Was 1998 a great year in the mortgage business, or what?

Don't ask Robert W. Howard, the former chief executive of Southern Pacific Funding Corp., or Andrew A. Weiderhorn, who heads Wilshire Financial Services Group. Both companies went into bankruptcy over the last several months because of problems tied in large measure to the industry's record refinancing volume.

And don't ask Mike Perry of IndyMac Holdings (see article, page 8A) or H. Garrett Thornburg of Thornburg Mortgage Asset Trust. Their companies' shares tumbled in last year's second half, along with those of most other REITs, as earnings went into a tailspin.

The problem: while the heavy refinancings were driving originators' volume to a massive record, investor portfolios were being drained at an alarming rate.

The runoff, along with a number of external factors, snowballed into a severe liquidity crisis. Wall Street lenders were making calls for more collateral from the investors, which had a hard time raising cash because buyers of existing mortgages were scarce as values dropped even while the market was being flooded by new loans. The situation came to a head one day last October, when there were no big investors in the mortgage market until Freddie Mac and Fannie Mae stepped in to buy $9 billion of loans.

Oct. 8 was a day to remember for traders on Fannie's and Freddie's mortgage desks.

In the weeks leading up to Oct. 8, there was a "backdrop of tightening credit standards, especially on hedge funds, with their easy credit conditions going away," said Brian Brandenburg, vice president of mortgage portfolio management for Freddie Mac. This loss of liquidity, coupled with the crisis in Russia, created dramatic spread widenings that made the investment community nervous about mass liquidations, he said.

Wall Street was "involved in risk reduction as well, which made it difficult for them to make active, large-size markets," Mr. Brandenburg said. And lenders became concerned about the volatility as well.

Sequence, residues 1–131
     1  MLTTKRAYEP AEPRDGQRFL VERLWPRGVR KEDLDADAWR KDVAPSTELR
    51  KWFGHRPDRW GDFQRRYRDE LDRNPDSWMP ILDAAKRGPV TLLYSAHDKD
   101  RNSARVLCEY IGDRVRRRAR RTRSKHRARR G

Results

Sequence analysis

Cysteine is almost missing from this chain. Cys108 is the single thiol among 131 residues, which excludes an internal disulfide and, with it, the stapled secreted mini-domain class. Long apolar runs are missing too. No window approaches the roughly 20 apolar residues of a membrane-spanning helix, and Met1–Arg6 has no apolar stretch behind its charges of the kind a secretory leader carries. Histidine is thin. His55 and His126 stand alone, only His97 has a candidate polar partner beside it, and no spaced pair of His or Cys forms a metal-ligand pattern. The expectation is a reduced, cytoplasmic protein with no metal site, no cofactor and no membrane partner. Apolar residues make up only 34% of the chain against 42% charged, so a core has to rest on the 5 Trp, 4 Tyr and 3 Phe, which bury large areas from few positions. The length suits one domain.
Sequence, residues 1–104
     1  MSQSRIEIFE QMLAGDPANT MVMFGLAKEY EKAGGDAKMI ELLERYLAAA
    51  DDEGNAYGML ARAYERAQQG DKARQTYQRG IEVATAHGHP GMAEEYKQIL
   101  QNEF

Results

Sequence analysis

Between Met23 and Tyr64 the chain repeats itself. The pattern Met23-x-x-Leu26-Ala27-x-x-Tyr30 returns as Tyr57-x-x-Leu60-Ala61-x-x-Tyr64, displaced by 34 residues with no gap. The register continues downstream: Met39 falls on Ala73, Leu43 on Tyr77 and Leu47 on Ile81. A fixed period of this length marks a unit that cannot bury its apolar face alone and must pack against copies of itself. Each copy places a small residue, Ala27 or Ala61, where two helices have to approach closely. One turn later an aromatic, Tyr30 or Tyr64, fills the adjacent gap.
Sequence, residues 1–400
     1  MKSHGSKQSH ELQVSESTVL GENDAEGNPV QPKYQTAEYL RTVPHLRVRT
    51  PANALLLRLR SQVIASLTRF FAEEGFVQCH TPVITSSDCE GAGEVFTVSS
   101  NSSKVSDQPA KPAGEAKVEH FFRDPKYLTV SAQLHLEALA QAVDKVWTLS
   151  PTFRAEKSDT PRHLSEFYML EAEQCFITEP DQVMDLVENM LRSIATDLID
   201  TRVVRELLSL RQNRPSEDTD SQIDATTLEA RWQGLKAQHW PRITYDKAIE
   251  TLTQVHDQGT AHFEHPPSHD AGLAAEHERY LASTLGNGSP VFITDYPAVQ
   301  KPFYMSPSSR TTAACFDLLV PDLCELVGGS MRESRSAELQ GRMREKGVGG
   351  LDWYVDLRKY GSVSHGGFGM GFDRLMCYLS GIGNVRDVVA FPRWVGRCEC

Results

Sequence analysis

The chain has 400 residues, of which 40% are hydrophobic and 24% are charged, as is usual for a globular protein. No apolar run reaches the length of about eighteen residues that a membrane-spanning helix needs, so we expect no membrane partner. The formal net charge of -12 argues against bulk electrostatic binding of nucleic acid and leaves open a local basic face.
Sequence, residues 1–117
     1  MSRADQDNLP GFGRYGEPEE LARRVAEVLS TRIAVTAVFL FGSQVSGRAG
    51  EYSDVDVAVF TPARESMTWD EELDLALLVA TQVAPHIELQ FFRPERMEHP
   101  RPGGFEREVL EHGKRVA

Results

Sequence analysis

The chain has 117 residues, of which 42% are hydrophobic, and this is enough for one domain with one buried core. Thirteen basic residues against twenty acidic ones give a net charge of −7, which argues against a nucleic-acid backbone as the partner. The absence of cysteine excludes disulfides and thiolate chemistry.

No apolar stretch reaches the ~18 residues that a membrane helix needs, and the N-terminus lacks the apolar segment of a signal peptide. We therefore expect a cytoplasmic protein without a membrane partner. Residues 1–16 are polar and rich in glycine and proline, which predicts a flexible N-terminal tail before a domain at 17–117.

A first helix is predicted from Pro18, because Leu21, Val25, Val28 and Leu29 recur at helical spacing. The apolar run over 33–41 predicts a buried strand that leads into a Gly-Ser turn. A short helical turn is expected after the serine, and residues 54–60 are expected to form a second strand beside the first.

These circumstances followed a period of "complacency" in the mortgage market during the first half of 1998, when mortgage spreads were "extremely tight," Mr. Brandenburg said.

Double-digit spread widening on mortgages relative to Treasuries occurred on several days in October and "surprised the market," he noted.

"A lot of the investors were leaving the markets in pursuit of liquidity," Mr. Brandenburg said.

Then as mortgage rates started to move back up, most people locked their rates on the same two days before Oct. 8, said Thomas Lawler, senior vice president for portfolio management at Fannie Mae.

"We had massive amounts of originations happening right at the same time as we had investors backing away from mortgages," Mr. Brandenburg said.

What followed was an "unprecedented selling by mortgage originators into the mortgage-backed securities market," Mr. Lawler said.

"We obviously can't see Wall Street from here, but the phones in our trading room, our market room were just nonstop," he said. "Every dealer, every trader on Wall Street said they were inundated. They couldn't keep pace with what was going on."

Requests to buy mortgages from Wall Street and even directly from originators flooded Fannie and Freddie.

Wall Street's "hedging with short positions in Treasuries did not work very well in the second half of last year," Mr. Lawler said. So Wall Street turned to the government-sponsored enterprises.

Fannie and Freddie bought a lot of the mortgages, keeping the market afloat, and they also were buyers in the debt markets.

By the end of the trading day on Oct. 8, Fannie Mae had bought $5 billion in whole loans and mortgage-backed securities - the most the company has ever bought in a single day, Mr. Lawler said. Freddie Mac declined to specify the amount of mortgages they purchased on this day, but said they were "major buyers," buoyed by a "long-term horizon." But industry reports put the Freddie purchases at about $4 billion.

"On this one day we actually purchased as much as we did for the entire month of November 1997," Mr. Lawler of Fannie said. Fannie's previous record was $2 billion in a single day, he added.

"I never left the market room," Mr. Lawler said. "That was one of the very few days I asked someone to get lunch for me."

What happened in the market in the second half of last year provides a cautionary tale about the volatile economics of mortgages.

The events are likely to have a long-term impact on the mortgage business. For one thing, REITs, seen as the next big investors in mortgages, have cut back their ambitions, at least temporarily. Some are restructuring their businesses. And mortgage investors are now much more likely to go to banks for funding than to Wall Street.

One disillusioned mortgage-investment executive said, "We didn't get any margin calls from banks, only from Wall Street. The banks are relationship- oriented and Wall Street is transaction-oriented. I'm going to think hard about borrowing from Wall Street again."

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